Welcome, cats and kittens, to yet another installment of the blog that puts the “hell” in Helvetica, Cewsh Reviews! We have a special treat for you tonight, as the skies grow dark, the world grows cold and the demonic realm rises to the surface for one night to give you WWE Hell in a Cell 2012. So what does hell have on the docket for us tonight? Well we’ll see a giant fight an Irishman, we’ll see three women fight because one of them was pretending to like the others, we’ll see a Punk get mauled by a monster and we might even see the Miz. I don’t know what version of hell this is, but it sounds about right. But the real story here is, of course, Ryback. The big man is on a rocketship to his first ever main event here, and he has been tearing people limb from limb all the way. Will Punk be able to escape the biggest threat to his title yet? Or will Ryback steamroll Punk, win the title and promptly eat it? There’s only one way to find out.
Cewsh: I’m not going to talk about the ACTUAL opening video here, because it was pretty by the numbers stuff, and that isn’t interesting for anyone but Kevin Dunn. No, I’m going to talk about the video package that aired immediately before the main event, because that’s the treasure here. See, the biggest potential problem with Ryback at this point is simply a matter of momentum and credibility. You can’t simply take a guy, however threatening, and tell people that he’s a big deal and a main eventer overnight. You just can’t. It takes the mainstream wrestling audience a few months to really latch onto the idea that something is a big deal and then get behind it, and during that time, any number of things can derail the progress you’ve been building to. That’s why building new stars is such hard work that many promoters hardly bother to do it at all.
Therefore it’s an ENORMOUS boon to a promotion when they have a production team who can accomplish with a 3 minute video, what may have taken weeks of dangerously uncertain booking to do. In this case, what these men and women accomplished was making Ryback not only look like he may very well be on Punk’s level, but made it look like a virtual certainty that Ryback would win this match. What that does is reinforce to the kids watching with their parents that this dude is a big deal and awesome, and reinforces to internet smarks that they should definitely be hating Ryback by now, because wrestling is an eternal war between these two sides that are both eating Cheetoes right now.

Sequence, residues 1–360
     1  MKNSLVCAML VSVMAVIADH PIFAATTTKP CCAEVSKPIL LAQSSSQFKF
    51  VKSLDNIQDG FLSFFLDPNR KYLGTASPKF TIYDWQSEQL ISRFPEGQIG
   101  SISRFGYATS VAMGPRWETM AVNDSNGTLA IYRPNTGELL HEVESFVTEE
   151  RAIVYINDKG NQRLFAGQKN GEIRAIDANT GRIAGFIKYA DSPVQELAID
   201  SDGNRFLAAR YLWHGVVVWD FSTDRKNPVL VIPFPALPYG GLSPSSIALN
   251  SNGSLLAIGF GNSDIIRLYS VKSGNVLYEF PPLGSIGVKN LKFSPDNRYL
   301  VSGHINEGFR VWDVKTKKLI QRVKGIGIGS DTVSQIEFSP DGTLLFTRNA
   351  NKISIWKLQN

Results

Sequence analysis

So kudos on the excellent video here, which totally makes up for the lackluster one to start the show. Now let’s see if everyone who doesn’t use Photoshop filters for a living held up their end.
Cewsh: Okay now, tonight we’re opening things up with the mother of all, “throw these guys together until we find something else for them to do,” feuds. Randy is still slowly making his way back towards worthwhile storylines following his suspension earlier this year, and Del Rio is back down in the upper midcard doldrums like he always is after his once a year push. It was a match made it filler, and those are always the sweetest.
For a match that actually means less than the lyrics of “Louie Louie” though, there was some really great stuff here. You won’t ever hear me say a word against Randy Orton’s abilities in the ring, but there are times in low key matches like this where he’ll mail it in a bit and just hit his regular spots and go home. But tonight he and Del Rio really go for it, and wind up having the second most surprisingly great match of the night, (more on that later.) Del Rio’s offense looks great for once, Orton does some great selling of the arm, and the crowd actually gets into the match big time as it heads towards the climax. Unfortunately, they pretty much kill the crowd when they fall prey to one of the most awkward botches in recent memory.
See, Del Rio staggers Orton and goes to the top rope ready to crush that snaky bastard with the great abs. He wins up big time, leaps off of the top turnbuckle and into the air majestically…only to land on his feet and look at Randy in confusion before donning a gigantic, “Oh shit” face. Randy, who I can only assume was meant to dropkick Del Rio out of the air, (which would have been hard since Del Rio jumped when Randy was so far out of position that he may as well have been at home playing Duck Hunt,) tries to dropkick Del Rio, but in Alberto’s panic he’s already running vaguely in the direction of Mexico. When Alberto sees that Randy is trying to do a move, he snaps out of it and stops, waiting for it, and Randy goes to dropkick him again, but by then Alberto is already running again, and a visibly furious Orton tells him to come on already before dropping him with the dropkick on the FOURTH TRY and moving on with the match. DROPKICK.
Understandably, this Vaudevillian act of suckitude kind of sucks the momentum out of the rest of the match, though they do a capable job of bringing the crowd back to life, and wind up ending things with one of the coolest RKOs I’ve ever seen.
All in all, a good match with a great finish that was only somewhat hampered by the fact that Alberto Del Rio will attempt to attack you while you’re in the middle of a heated duck shooting session. The bastard.
77 out of 100
Fae: The match was okay, but honestly, I can’t really think of anything except that botch, and the rather sordid recovery from it. OMG did Orton look pissed at Del Rio during all of that. I think at this point, we can all say this together: Del Rio is not a very good wrestler. He’s not horrible, but he’s no main card superstar. Although, some people may argue that I’m biased, and they are completely correct. My biases aside, Del Rio just doesn’t really stand out in any match he’s in and, unfortunately, both he and whoever he’s against both suffer for it.